In the wake of the nation's scare over its first case of bovine spongiform encephalopathy, also known as “mad cow disease,” state and federal officials are stepping up measures to track foreign animal diseases.

In Georgia, the Reportable Animal Disease System is being incorporated into the Georgia Agricultural Information Sharing and Analysis Center network. RADS will allow state officials to monitor animal disease across the state.

“This system is based on the Georgia Division of Public Health's human disease system, which tracks diseases like AIDS and tuberculosis,” said Nelwyn Stone, assistant state veterinarian.

“Farmers and veterinarians will use RADS to report animal diseases.”

Stone said a farmer, county Extension agent or veterinarian can access the system through the Web and quickly report an animal disease case.

“Farmers usually call their vet first. Then the vet calls us,” Stone said. “If it's a foreign animal disease, like blue tongue or foot-and-mouth disease, we inform the (U.S. Department of Agriculture) and a veterinary medical officer reports to the farm.”

The new, computer-driven system should make this quicker, Stone said.

“When an animal disease is reported, we want to get our state veterinary officials out to the farm quickly,” she said. “If it's only on one farm, we want to keep it on one farm.”

In July, Stone will meet with counterparts in other states to discuss each state's system.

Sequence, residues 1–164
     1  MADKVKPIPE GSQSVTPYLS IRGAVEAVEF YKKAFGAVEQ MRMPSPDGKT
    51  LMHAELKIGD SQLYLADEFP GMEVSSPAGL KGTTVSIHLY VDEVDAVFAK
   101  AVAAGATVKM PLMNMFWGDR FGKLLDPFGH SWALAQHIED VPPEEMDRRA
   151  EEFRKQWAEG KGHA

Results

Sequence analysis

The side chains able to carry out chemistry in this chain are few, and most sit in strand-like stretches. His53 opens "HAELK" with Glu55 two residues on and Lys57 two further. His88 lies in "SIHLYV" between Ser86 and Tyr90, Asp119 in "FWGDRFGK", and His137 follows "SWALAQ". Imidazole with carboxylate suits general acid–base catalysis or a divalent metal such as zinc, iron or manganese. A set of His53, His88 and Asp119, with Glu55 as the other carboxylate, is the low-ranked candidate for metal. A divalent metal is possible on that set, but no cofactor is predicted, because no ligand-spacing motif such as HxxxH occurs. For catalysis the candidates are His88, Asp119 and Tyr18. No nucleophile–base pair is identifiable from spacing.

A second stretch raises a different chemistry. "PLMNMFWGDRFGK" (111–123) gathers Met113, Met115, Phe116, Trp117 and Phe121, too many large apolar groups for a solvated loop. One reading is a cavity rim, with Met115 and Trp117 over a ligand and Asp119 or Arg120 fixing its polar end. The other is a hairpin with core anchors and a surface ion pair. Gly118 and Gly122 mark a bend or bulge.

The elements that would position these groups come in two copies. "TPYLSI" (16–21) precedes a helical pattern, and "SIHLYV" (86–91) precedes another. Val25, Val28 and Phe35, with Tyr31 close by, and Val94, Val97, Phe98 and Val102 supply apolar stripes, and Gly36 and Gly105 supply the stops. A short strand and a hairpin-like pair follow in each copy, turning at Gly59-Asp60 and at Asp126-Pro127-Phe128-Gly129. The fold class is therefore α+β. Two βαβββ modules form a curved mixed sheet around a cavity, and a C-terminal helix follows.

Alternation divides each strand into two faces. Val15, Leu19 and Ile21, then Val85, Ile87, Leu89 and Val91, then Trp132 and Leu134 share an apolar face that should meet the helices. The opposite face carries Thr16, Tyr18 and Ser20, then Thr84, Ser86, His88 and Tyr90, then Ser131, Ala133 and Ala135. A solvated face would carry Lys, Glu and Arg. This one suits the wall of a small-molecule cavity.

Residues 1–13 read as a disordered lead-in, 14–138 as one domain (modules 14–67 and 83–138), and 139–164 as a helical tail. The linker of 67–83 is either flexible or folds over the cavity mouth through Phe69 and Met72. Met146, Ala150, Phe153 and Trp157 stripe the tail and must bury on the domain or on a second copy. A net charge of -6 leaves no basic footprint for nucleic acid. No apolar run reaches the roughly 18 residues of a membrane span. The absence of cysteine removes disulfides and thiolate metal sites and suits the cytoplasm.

“The overall goal is to make it easier for farmers, farm workers, lab workers and veterinarians to report suspect diseases,” Stone said. “It will keep animals in our state safe and insure diseases like avian flu don't spread if they do occur.”

RADS was created by the Georgia Department of Agriculture. It's funded by the Georgia Division of Public Health. The Georgia Emergency Management Agency will integrate the technology into their monitoring systems.

Stone said she hopes the system will go on-line this spring. Computer problems, though, could push it back to the fall.

The federal government is working on the U.S. Animal Identification Plan, a system that will track animals back to their origin.

“It … can identify all animals and premises potentially exposed to an animal with a foreign animal disease within 48 hours of discovery,” said Charles McPeake, an animal scientist with the University of Georgia College of Agricultural and Environmental Sciences.

“Maintaining the health and economic viability of U.S. animal agriculture is critical to the industry and the safety of our food supply,” he said.

The federal system will enable foreign animal disease outbreaks to be quickly contained, McPeake said. It will help meet shoppers' demands, too, for foods that can be traced to their source.

Using the federal system, officials will be able to trace an animal back to its farm and everywhere in-between. It's still being developed. But when it's in place, it will require that animals get an identification number at birth.

The system will track cattle, bison, hogs, sheep, goats, horses, poultry, game birds, farmed fish and domestic deer, elk, llamas, alpacas, ostriches and emus, McPeake said.

It isn't a knee-jerk reaction to last year's mad cow case, he said. “The industry and government have been working on this system for a couple of years,” he said. “Now it will be phased in over three years.”

The USAIP Web site (www.usaip.info) reports that the system's first phase, premises ID by state, should be complete this year.